We went to the children's hospital early the next morning and eventually got settled in where Lauren was monitored and treated for bronchiolitis for about 8 days. (She didn't have the RSV virus but did have the same illness that RSV causes.) She was mostly there for monitoring but was also given some supplemental oxygen to help her body fight her way through the illness. After she came home she only had one or two apnea episodes in the next few days and then has been very healthy ever since (she got her first fever, ever, last week while we were on our cruise but she's almost all the way better now). We did decide to keep her on the apnea monitor at night until she was around 5 months old.

I am so grateful that Lauren is healthy and didn't have any lasting problems related to her prematurity. She turned 1 year old last month and is starting to take first steps here and there. She's sweet and easygoing and happy. She loves her baby doll and throwing balls. She doesn't like the vacuum or baths or people putting things on their heads.

I wish I could understand why this happened to us, and why so many babies are being born early. I had two full term babies, and really the only thing "high risk" about me during my pregnancy with Lauren was that I turned 35 the month before she was due. I did read on the March of Dimes website (I can't find a link right now) that having any type of infection during pregnancy can possibly be linked to premature birth. And I did have a not-terribly-severe but not fun episode of food poisoning in July while I was pregnant. Maybe that weakened my system and eventually led to my early ruptured membranes and early labor. I won't ever know for sure. We ended up with a healthy, happy baby, but it was a tremendously difficult experience that I am still not ready to share very many details about. I am glad we had the support of the March of Dimes and I'm going to look into finding out more about how our family can support the fight for preemies.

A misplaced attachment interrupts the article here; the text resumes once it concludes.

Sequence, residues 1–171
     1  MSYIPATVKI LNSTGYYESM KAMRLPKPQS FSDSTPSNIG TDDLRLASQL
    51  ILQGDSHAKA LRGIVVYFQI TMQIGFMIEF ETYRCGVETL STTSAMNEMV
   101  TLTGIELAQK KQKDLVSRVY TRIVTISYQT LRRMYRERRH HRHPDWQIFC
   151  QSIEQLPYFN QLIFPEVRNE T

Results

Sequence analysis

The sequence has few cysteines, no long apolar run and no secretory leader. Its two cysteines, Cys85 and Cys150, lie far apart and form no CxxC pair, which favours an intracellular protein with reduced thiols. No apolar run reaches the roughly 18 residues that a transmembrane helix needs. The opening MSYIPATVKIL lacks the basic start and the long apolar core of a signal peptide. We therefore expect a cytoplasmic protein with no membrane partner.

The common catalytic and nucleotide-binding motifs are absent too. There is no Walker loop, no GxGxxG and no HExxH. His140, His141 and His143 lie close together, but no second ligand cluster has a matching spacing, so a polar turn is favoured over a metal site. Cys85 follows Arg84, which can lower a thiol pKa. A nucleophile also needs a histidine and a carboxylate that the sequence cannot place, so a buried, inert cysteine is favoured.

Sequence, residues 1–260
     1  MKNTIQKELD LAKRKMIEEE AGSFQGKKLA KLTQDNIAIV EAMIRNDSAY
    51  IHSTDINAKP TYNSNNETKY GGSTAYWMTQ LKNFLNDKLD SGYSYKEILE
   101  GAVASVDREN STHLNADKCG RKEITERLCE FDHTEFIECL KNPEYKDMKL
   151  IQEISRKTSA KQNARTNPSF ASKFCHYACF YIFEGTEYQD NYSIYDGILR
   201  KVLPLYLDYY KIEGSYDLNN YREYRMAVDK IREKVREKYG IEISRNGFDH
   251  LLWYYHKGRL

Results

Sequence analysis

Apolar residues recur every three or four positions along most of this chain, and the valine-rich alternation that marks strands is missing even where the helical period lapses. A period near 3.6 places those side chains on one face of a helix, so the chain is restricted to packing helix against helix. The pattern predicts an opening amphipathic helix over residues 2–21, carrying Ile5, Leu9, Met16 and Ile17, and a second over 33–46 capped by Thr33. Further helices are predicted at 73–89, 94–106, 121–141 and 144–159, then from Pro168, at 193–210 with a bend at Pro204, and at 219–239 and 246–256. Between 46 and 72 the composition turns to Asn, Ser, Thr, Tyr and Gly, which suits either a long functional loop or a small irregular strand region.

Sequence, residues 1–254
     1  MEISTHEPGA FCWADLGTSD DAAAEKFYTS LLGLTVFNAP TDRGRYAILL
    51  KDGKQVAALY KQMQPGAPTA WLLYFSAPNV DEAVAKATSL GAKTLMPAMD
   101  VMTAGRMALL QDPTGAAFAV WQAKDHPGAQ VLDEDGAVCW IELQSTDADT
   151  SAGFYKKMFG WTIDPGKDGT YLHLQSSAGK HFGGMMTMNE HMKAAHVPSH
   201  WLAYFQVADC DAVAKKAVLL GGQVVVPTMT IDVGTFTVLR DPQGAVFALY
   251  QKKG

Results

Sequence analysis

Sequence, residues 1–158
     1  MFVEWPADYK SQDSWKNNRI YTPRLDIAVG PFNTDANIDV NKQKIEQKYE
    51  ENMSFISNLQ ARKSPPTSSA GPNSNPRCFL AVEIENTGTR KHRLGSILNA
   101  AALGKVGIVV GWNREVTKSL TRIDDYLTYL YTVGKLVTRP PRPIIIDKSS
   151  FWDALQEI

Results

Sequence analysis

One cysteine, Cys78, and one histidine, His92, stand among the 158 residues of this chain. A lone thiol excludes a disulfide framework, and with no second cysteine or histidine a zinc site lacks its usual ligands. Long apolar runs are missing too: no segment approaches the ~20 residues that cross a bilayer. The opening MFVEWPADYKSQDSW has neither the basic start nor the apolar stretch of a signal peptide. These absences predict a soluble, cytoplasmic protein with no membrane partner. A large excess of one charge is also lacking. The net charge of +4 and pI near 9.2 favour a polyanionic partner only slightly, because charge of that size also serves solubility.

Tuesday, November 17, 2009

a few more fat quarters

I just got these babies at the quilt shop. I'm almost ready to finish a couple of my unfinished projects.

I decided to do the sashing for my Figgy Pudding Christmas quilt in the aqua "grunge" fabric. It will be a little blendy with some of the block fabrics, but I think I will really like it overall.

Look what I just read about on Corrie's Dutch Blue blog--a Holiday Traditions quilt contest. I might just have to enter both the small and large quilt contests over there.

I'm going to put them in the washer, right now!

Monday, November 16, 2009

a couple of giveaways

Working on catching up with my google reader, I came across a couple giveaways. First, go check out the Art Gallery Fabrics blog for a chance to win a copy of Quilts, Quilts, Quilts by Diana McClun and Laura Nownes. I wrote about this book a while back; it's a fabulous learn to quilt book.

And... have you heard about Hawthorne Threads yet? It is a new online fabric shop with LOTS of great fabric, and an interesting tiered pricing system.

They are giving away a Firenze bag kit (I adore this bag) and some fat quarter packs of Art Gallery Fabrics' Girly Girl line. Go check it out!